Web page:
[Analysis] - Guardians Of The Galaxy, With Spoilers [Updated]

Courtesy of Marvel
This past weekend saw the release of Guardians of the Galaxy. I thought it was great, but was very careful in my review not to detail anything remotely spoilery or to get too geeky about what happened in the film. That time has passed.

Everything herein contains spoilers for Guardians of the Galaxy. You have been warned (and if you haven't seen it already, just do yourself the favour and go. It is genuinely, properly good.)

A big plus, for me, was how divorced the film was from anything else going on in the Earth-based MCU. And based on the fact that it made $94 million in its first weekend, so did everyone else. Basically, the connection was limited to Thanos, who to be fair had only been teased before now, and gets his proper introduction here. So, when the time comes for these two corners of the universe to overlap, it'll seem more like Avengers borrowing from Guardians rather than the other way around.

And it is important to note that, for all intents and purposes, the MCU is now clearly divided between those two franchises. Things either happen in the Avengers world or the Guardians. Going forward I, for one, will make those distinctions. Because James Gunn has created a massive sandbox, and left more than a few Lincoln Logs protruding from the sand to pick up and chew on next time. So, now that you've seen the film, let's pick on some stuff.


Last seen sneering at us out of the corner of his eye, Thanos (and Josh Brolin playing him) made his first, full entrance into the MCU here. He was named, and thanks to Rhomann Dey (John C. Reilly), positively identified as "the mad Titan." And like Loki before him, Ronan stood in Thanos' weird floating asteroid court, took flack from The Other (though he succeeded in killing the annoying dogsbody), and saw the Big Bad in his full on glory.

But we still don't know that much about him. We know that he wanted the Infinity Stone discovered by Peter Quill. We know that he has destroyed entire planets in the past, and that he is really bad at inspiring loyalty in his adopted children and underlings. His motivations are, for the time being, still uncertain. That he is a genocidal mad-man responsibly for the deaths of potentially billions, is all that we know and all that is needed to be known to this point. Assuming that his story will continue building in Guardians 2 and Avengers 3, following a build-up comparable to the Emperor in the original Star Wars trilogy, we'll likely learn more about this Titan starting in 2017.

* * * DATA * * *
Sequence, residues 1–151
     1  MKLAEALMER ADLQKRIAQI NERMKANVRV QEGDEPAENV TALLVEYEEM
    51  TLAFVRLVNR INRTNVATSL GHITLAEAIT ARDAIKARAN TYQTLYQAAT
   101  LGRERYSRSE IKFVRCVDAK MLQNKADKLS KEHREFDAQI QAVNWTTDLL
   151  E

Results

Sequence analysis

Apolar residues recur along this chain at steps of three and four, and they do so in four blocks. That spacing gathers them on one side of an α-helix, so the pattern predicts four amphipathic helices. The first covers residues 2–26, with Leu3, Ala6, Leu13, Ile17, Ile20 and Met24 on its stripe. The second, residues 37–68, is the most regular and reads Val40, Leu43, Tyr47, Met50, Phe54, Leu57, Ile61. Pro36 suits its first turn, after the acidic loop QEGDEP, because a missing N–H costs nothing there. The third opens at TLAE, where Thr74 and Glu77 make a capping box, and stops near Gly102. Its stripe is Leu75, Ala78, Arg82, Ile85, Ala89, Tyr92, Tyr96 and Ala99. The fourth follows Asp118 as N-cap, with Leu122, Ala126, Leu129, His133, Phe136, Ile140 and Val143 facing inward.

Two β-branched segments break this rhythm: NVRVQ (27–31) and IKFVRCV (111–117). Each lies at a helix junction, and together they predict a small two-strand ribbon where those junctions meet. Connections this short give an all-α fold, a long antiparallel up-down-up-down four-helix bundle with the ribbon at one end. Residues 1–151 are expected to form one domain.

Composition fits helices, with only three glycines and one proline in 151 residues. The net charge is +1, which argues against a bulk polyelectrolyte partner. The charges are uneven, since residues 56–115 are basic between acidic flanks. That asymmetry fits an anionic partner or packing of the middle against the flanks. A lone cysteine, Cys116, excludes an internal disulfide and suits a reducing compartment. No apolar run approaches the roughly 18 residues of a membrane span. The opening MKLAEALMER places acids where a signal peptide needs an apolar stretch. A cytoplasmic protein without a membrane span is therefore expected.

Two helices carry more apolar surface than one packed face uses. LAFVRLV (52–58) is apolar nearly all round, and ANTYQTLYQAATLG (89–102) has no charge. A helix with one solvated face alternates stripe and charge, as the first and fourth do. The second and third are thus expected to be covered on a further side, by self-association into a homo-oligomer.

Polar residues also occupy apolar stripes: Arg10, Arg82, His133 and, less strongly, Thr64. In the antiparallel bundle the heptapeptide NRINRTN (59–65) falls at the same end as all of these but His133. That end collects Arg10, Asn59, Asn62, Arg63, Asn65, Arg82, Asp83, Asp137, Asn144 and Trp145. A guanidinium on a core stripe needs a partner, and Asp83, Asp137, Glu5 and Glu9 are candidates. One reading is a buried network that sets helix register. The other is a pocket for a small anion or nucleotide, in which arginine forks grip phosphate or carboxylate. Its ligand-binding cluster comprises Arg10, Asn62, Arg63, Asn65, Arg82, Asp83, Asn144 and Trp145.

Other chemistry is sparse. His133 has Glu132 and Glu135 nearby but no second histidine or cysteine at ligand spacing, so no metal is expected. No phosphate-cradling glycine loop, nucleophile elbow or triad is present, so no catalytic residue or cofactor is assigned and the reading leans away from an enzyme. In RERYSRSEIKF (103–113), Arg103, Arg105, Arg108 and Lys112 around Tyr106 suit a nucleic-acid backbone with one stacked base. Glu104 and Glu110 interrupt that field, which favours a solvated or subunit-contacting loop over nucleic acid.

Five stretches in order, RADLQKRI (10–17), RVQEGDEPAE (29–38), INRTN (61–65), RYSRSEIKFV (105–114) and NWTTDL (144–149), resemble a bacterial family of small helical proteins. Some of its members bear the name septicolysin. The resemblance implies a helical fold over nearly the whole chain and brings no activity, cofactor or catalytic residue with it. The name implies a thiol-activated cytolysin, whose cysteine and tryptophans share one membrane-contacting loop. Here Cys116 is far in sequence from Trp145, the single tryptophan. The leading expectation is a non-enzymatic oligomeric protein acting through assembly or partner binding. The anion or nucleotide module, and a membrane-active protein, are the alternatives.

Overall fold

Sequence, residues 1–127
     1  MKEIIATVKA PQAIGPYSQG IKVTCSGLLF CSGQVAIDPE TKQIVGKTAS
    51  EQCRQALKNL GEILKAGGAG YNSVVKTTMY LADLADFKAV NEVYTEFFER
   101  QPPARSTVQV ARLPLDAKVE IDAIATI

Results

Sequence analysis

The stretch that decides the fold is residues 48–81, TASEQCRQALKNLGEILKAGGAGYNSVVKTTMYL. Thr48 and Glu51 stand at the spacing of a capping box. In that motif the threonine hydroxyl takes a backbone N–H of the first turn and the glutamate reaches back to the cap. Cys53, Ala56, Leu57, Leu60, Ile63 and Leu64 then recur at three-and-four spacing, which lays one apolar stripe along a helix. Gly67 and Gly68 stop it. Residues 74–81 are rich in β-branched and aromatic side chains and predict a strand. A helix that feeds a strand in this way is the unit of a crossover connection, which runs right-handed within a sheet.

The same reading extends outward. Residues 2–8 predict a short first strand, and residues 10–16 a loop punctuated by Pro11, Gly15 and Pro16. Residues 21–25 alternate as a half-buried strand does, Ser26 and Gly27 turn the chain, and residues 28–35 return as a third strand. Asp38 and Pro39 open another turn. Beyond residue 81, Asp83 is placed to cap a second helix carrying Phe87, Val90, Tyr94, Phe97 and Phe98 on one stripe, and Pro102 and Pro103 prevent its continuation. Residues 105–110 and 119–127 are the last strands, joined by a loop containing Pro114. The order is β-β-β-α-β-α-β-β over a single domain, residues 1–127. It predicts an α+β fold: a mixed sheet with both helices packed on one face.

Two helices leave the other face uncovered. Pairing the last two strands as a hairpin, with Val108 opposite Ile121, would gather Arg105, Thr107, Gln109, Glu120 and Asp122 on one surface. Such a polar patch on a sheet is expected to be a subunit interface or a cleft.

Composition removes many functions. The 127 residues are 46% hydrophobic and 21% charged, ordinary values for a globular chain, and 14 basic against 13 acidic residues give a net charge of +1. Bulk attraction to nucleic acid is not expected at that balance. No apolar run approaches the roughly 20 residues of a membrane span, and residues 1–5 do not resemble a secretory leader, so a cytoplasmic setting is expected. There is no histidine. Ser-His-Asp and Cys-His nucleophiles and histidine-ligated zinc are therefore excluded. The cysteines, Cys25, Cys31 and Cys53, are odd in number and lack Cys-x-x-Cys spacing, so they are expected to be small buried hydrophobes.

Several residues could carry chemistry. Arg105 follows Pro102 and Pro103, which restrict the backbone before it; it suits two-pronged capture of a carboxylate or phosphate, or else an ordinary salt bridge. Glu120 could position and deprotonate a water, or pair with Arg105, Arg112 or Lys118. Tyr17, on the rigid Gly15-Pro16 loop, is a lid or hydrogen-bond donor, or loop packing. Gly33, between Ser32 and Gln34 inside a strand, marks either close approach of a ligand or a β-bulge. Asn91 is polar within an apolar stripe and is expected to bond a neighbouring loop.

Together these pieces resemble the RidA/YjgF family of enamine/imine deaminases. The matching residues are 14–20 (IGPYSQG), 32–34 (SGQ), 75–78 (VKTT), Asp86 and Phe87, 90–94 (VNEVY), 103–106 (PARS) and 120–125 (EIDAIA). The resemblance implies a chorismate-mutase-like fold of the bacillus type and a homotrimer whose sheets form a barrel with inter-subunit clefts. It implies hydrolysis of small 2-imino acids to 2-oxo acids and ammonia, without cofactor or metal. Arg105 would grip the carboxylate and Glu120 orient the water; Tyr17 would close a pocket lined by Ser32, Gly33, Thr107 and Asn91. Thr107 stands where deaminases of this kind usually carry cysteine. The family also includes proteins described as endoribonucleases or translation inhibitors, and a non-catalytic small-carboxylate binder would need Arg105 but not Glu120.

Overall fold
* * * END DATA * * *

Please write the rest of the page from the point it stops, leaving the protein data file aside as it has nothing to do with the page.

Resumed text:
Infinity Stones

The words Infinity Stone were first used in the James Gunn-directed post-credits teaser on Thor: The Dark World. At the time, I gave a break down as to their comic origins and possible use in the MCU. In the Guardians clunkiest scene, The Collector gives a fairly detailed description of their origins in the film universe, and simultaneously introduces the Celestials as elements. The Stones are (science bullshit warning) the remains of the six proto-systems that existed before the Big Bang, crafted into stones of immense power by the ancient immortals, the Celestials. To wield even one of the six Stones is to have power over all of creation. To wield all six is to be a God. The Stones were lost with the Celestials (of which Knowhere, the Collector's home base, is inside the rotting head of one), and scattered through the cosmos.

One is the Tesseract, currently in possession of Asgard, locked in Odin's trophy room. The second is Malekith's Aether, given to the Collector by Sif and assumed to still be in his possession. The third is the one featured in Guardians, which draws on organic life and consumes it, and is currently locked inside the Nova Corp vault on Xandar. The rest will presumably present themselves over the course of the next six or seven films (I'd be shocked if they didn't turn up in Age of Ultron, Guardians 2, Doctor Strange and Thor 3). It also means that, if Thanos' goal is to acquire them all, as it was in the comics, he hasn't succeeded in acquiring any of them to this point. And right now, they are all fairly securely locked away.

The Collector